Times Stephen Spender Translation Prize for Brian Holton Many congratulations to Scottish PEN member Brian Holton whose translation of Du Fu’s poem has been commended in the 2012 Times Stephen Spender Prize for poetry in translation. As far as we know it is the first time a major UK translation prize has given an award […]January 24, 2013
Many congratulations to Scottish PEN member Brian Holton whose translation of Du Fu’s poem has been commended in the
2012 Times Stephen Spender Prize for poetry in translation. As far as we know it is the first time a major UK translation prize has given an award for work in Scots.
Below is the prizewinning translation and Brian’s commentary. You can find out more about his poetry and translations
on his website.
Frae toun ti toun, fowk eident at the hairst;
frae bank ti bank, the Watter deep in spate.
Gin A cud see the lang miles o heiven an yirth,
A’d see but the turnin years o aa ma days.
Ma theikit ruif wis warth a pickle poems,
tho in ma hairt it wis TÃr na nÃ“g A socht aye.
Cark an care they smoored the line o ma life –
whit a lang an wearie stravaig ti win here the nou!
Frae hyneawa A cam ti the thrie westlan kinriks:
it wis sax year syne A snappert an fell doun here.
Fremt masel, A forgaither wi auld freins,
but it’s burn an shaw that kittles up ma speirits.
That faur ben wi idleset, A’ll thole ma dairnit duds,
an whan A gang about, A’ll dree ma holie shuin.
Ma mairch fences, they’re aathegither stentless,
for the Lang Watter an the lift abune are aa ma joy.
The bamboo A plantit’s insnorlt wi tender green,
the geans A sneddit back blushin like wee lassies;
ma hairt clear an cauld as the mune’s stane gless,
A’m come to face the wund frae the snawy ben.
An ashet o siller they haunit this auld bodach,
a reid-tape dunderheid at did whit he wis tellt.
An wha’d hae thocht, whan ma teeth hed faan out,
ma name’d be doun i the Buke o Wyce Auld Men?
Maugre ma maladies A hae a crammasy signet still,
but nou A’m hame ti dauner owre purpie crottle;
A’m ettlin at ma eild inben ma kintra yett,
me at wis blate afore the wisocks o the Secretariat.
The bricht leam o the sun twines about the swallas,
an leafs on the watter pairt for the pickie-maas;
whiles the neibours brings shell-puddocks an fishies,
an speir whit time will A can gang an see them.
Yin cantin gowk
1 made mane at cateran bands,
2 wis incaa’d ti Court, a mid-age man;
the tane begoud ti scrieve his
Speil the Touer,
the tither, weill-infitten, gat glorie for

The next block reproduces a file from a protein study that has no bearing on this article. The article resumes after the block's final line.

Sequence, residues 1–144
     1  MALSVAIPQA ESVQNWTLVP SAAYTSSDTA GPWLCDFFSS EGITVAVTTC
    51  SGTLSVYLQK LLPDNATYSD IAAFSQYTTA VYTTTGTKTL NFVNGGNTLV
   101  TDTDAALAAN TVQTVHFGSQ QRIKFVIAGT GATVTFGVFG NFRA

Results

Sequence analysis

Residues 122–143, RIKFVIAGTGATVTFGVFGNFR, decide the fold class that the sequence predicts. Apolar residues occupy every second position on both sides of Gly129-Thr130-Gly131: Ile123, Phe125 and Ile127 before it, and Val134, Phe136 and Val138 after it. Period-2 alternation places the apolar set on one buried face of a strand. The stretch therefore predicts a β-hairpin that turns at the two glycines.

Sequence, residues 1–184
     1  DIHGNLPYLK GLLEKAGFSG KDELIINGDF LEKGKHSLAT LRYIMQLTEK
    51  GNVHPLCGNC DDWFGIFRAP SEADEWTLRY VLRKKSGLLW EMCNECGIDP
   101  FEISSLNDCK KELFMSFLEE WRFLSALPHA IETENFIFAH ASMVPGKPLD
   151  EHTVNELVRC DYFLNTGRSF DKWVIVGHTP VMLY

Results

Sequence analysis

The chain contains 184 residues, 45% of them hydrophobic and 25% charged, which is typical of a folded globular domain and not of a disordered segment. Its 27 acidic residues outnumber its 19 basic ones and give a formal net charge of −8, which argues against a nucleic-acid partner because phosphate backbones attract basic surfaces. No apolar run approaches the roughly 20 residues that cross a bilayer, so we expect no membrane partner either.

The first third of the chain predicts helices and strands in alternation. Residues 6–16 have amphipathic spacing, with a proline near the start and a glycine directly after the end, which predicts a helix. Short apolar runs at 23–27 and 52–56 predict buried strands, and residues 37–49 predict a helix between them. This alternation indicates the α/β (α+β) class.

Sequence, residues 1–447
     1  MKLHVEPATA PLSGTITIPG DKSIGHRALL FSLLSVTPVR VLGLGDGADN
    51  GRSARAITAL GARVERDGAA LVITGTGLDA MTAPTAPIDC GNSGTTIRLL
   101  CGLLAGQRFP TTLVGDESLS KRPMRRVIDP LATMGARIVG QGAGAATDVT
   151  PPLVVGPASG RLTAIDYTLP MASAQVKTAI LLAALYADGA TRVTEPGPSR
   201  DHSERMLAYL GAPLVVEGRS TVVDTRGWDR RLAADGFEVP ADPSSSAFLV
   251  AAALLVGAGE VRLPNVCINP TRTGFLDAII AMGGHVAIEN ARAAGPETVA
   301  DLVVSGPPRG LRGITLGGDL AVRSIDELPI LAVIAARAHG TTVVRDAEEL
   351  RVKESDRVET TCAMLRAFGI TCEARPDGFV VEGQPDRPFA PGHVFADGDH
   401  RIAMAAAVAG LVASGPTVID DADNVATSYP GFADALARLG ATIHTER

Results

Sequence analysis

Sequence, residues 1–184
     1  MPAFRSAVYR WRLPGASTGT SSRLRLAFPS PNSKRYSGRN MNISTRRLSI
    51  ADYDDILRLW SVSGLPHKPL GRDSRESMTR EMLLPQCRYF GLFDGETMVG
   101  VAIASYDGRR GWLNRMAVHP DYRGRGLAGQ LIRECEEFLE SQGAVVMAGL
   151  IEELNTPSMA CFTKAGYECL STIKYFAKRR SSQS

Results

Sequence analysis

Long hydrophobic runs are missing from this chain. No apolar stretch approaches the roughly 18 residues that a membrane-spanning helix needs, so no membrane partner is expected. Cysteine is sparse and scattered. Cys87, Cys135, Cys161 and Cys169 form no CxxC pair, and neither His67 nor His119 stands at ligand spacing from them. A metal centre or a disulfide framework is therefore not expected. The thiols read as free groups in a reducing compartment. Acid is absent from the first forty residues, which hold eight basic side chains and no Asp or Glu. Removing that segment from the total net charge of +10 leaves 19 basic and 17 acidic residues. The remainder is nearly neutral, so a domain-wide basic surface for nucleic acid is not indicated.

their haas hereawa is set doun in the
Buke o Warthies,
their hie ingyne better-kent nor our Halie Hermits.
In anither season, A umbethocht me o thir twae –
i the sun o yin mair springtime, ma hairt is wae.
Translated from the classical Chinese by Brian Holton 1Wang Can (AD 177â€“217) 2Jia Yi (201â€“169BC)
Du Fu uses New-Style regulated verse, a form of some complexity, which, through the impudence of his rule-breaking and the virtuosity of his craft, he raised from being a vehicle fit only for upper class occasional verse to a poetic form of suppleness and precision which is capable of expressing the strongest emotions and transmitting the most complex messages: the tone and level of achievement are comparable to a Shakespearean sonnet or a Beethoven quartet.
The metrical patterns are based on syllable pitch-contours, something neither Scots nor English can replicate; there is a rhyme in every couplet, which is not easily achievable in translation: I substitute a shifting pattern of alliteration and a series of half-rhymes, and for the rhythm, a stress-based line in the style of the ballad stanza, with a mid-line caesura.
One reason for using Scots is to bring home the essential strangeness of Du Fu to English readers: the distance between his Eighth Century Chinese and the modern language is similar to that between English and Scots. For Scots speakers, by using the
Mither Tongue, language of home and family and friendship, I aim to bring out both the essential warmness and humanity and the deep sorrow of Du Fu’s voice.
Du Fu was also an extremely erudite poet, who was famous for the breadth of his reading, his knowledge of history, and the obscure and recondite nature of his references: such allusions can have no force at all in translation, and in most cases can only be kept by doing violence to the text, so I have gently substituted western allusions where I can (eg
Boreas for an allusion of equal antiquity). Du Fu can also juxtapose a startlingly conversational couplet with one in the most high-flown diction. What a joy he is to work with!